June 16, 2016
With the temperature hovering around 90 degrees, Jim Harbaugh wore his trademark khakis, along with a Hank Aaron jersey, while running around for three hours at Maynard H. Jackson High School in Atlanta.
It was Harbaugh’s third satellite camp in three states in 24 hours, and just the beginning of a 38-camp, 22-state tour in a month’s time that surely will enhance his program’s recruiting efforts.
Michigan’s always had a national reach, but Harbaugh is taking that to the extreme.
That’s the biggest difference between him and his direct predecessors, as MLive has reviewed the past 10 Michigan recruiting classes. That includes the last of Lloyd Carr and also the tenures of Rich Rodriguez and Brady Hoke.
“We’re out there looking for nuggets of gold, to bring the best and brightest to the University of Michigan,” Harbaugh said on national signing day in February. “That will remain our objective.”
– Note: In the map above, use the “Visible layers” window in the upper-right corner to isolate just Michigan or Michigan State recruits by hometown.
Harbaugh put together his first recruiting class at Michigan in little more than a month. Hoke had been fired, and Harbaugh picked up the pieces and signed 14 recruits for a 2015 class that wound up ranking 37th in the nation according to 247 Sports – the lowest Michigan ranking class in the last decade.
It was a much different story in 2016.
After a full year of recruiting, Harbaugh, who cherishes versatile players, reeled in the nation’s No. 5 class. It features the consensus No. 1 player in five-star defensive tackle Rashan Gary from Paramus Catholic High School in New Jersey.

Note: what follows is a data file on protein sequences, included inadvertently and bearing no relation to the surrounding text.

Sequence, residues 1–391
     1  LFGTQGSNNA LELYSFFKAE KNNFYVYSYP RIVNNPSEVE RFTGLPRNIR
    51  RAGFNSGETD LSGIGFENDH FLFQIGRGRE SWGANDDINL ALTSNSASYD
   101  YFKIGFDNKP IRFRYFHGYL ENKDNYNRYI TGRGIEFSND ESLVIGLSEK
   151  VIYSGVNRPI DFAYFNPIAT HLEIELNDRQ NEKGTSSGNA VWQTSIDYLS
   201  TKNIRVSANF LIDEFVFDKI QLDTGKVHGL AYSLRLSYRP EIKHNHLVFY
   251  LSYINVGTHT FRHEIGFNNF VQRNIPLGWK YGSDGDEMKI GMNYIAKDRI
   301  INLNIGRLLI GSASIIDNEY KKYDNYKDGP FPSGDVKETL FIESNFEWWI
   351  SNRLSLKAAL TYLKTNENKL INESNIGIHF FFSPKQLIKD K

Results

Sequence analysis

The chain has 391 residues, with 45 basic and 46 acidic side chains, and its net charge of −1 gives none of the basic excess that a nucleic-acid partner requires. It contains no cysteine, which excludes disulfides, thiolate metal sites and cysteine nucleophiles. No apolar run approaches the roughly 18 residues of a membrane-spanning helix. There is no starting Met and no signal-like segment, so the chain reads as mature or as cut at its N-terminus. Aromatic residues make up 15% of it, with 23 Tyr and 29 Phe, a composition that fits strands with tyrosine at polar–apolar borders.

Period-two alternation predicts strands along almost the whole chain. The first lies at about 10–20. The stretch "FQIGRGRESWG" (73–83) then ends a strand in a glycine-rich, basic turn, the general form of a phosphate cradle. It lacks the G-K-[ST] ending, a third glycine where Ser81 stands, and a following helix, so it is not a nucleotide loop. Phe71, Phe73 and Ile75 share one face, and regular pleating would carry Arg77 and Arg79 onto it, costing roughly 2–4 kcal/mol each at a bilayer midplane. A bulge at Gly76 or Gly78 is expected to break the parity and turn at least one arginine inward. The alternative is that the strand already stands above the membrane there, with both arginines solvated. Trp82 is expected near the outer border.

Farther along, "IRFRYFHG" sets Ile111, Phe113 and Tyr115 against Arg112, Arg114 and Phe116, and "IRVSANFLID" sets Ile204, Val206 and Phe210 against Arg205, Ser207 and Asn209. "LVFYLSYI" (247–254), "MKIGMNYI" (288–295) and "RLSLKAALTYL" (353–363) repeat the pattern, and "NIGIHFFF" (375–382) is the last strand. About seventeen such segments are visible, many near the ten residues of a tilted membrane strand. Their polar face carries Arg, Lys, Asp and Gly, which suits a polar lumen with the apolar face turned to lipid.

Harbaugh has relied heavily on New Jersey in his first two classes.
The seven players he’s signed from there trails only Florida (nine), and is more than Michigan (six) among the 16 different states in which Harbaugh has grabbed recruits. And the interest in New Jersey isn’t slowing, as Paramus Catholic hosted one of Michigan’s most prominent satellite camps last week and Harbaugh spoke at commencement the following day.
Harbaugh isn’t ignoring his home state in recruiting, despite having signed just six players from Michigan in his first two classes. The Wolverines already have five in-state commitments for their 2017 class, which would fall in line with trends of the past.
In four years, Hoke signed 61.3 percent of his recruits from Michigan and Ohio (27 from each state). Rodriguez secured 46.5 percent of his players from the two states (21 from Ohio and 13 from Michigan), while also concentrating on Florida (14).
Over the last decade, the Wolverines have had 45.7 percent of their players from Michigan and Ohio (51 players from each state).
“We’ve got some darn good football players from the state of Michigan,” Harbaugh said in February. “Anywhere that a youngster is proven to be highly competitive in the classroom, on the football field and a good citizen, we’re going to want to take a look at them.”
Michigan routinely targets the best players in every corner of its home state and Harbaugh is no exception, having signed players from Rockford to Saginaw to Detroit. Not surprisingly, the bulk of Michigan’s in-state recruits over the past decade came from Detroit or the surrounding suburbs. Detroit Cass Tech sent more players to Michigan in the last decade (11) than any school in the nation – four under Rodriguez, six under Hoke and one under Harbaugh, who is hoping to continue that pipeline to Ann Arbor and is pursuing Cass Tech 2017 five-star receiver Donovan Peoples-Jones, among others, from the school.
Although players are recruited at different positions by different schools and sometimes even switch positions during college, there are some trends that stand out between Michigan coaches in the last decade. Harbaugh has already signed as many quarterbacks (three) in two seasons as Hoke did in four and has a verbal commitment from Dylan McCaffrey, the top-ranked quarterback of the 2017 class. Rodriguez signed more wide receivers (nine) and running backs (eight) than any position besides linebacker (10). Hoke signed more linebackers (12) and cornerbacks (10) than another other position. Harbaugh, who values versatility, has signed five defensive ends and receivers, which ties for the lead among all positions.